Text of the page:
So … it goes without saying that I love it when a modern release does try to seize on the elements that make film noirs such a pleasant experience – the starkness of black-and-white cinematography, the world-weary heroes and antiheroes, and the usual labyrinthine plotlines. While I’ve seen many attempts that didn’t quite capture the milieu as effectively, I think it’s easy to spot the effort to get it right … and that’s definitely the case with Pirie Martin’s Psychosis, a new release that’s presently screening on the film festival circuit.
Psychosis introduces audiences to the character of Cliff Van Aarle (played wonderfully by Derryn Amoroso), a ‘gun for hire’ legman who uses the earnings from his odd jobs to care his bedridden sister slumbering in a deep coma at the city hospital. Tortured by a troubled past along with the fact that he suffers from an intense case of paracusia (i.e. he’s constantly hearing voices in his head), he’ll still stop at nothing to get the job done, even if the mission of mercy points him in directions where angels fear to tread.
(NOTE: The following review will contain minor spoilers necessary solely for the discussion of plot and/or characters. If you’re the type of reader who prefers a review entirely spoiler-free, then I’d encourage you to skip down to the last few paragraphs for the final assessment. If, however, you’re accepting of a few modest hints at ‘things to come,’ then read on …)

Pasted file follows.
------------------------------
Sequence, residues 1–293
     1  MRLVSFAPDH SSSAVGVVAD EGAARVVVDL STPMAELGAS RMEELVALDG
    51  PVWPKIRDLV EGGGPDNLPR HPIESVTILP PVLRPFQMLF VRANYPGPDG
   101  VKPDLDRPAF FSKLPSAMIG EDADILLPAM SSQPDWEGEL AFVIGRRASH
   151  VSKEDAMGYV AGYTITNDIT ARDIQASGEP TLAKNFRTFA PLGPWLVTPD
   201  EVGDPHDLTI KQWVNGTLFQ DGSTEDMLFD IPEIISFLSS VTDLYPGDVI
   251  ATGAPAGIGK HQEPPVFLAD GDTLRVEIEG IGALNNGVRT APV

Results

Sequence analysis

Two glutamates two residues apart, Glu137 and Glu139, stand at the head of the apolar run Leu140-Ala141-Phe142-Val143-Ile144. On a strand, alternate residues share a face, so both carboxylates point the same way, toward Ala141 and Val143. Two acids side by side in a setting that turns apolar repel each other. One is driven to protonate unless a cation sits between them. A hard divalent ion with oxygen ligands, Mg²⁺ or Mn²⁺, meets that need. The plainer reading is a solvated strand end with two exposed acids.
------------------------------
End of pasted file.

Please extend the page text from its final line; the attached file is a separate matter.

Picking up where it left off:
From the film’s IMDB.com page citation:
“A criminal fixer who experiences auditory hallucinations must confront old demons when a new contract drags him into a surreal maelstrom of mind-altering drugs, delusional vigilantes, and a sadistic hypnotist who seems more monster than man.”
That’s how Psychosis (2023) feels to me.
Martin’s flick at times feels like a traditional gumshoe-style picture – one wherein a tired detective (here more of a problem solver, but you get the idea) has to face insurmountable odds in order to get to the bottom of the mystery – but there are a good number of other influences at work in the narrative at different times. In fact, the film’s pervasive drug use gets likened to creating a world of ‘Living Dead’ inspired chaos, harkening back to the enduring George A. Romero universe at a few times. There are also greater hints – through a largely undeveloped subplot – that Cliff and his ailing sister were subject to some mind-altering experiments by ‘dear old dad’ at some point in their youth; and the fact that this unseen influence emerges as a possible source for evil in the present day, too, suggests that there’s more to that story worth a second look. Add to the whole affair the emergence of vigilante justice – there’s a streetwise character who functions under the caped-pseudonym of ‘LoneWolf’ – and I begin to wonder about the seemingly endless possibilities Martin only tapped in here, dangling the potential but never quite swinging open the door.
Therein lies Psychosis’s chief problem: outside of a fairly rudimentary detective story, it never quite develops into anything deeper.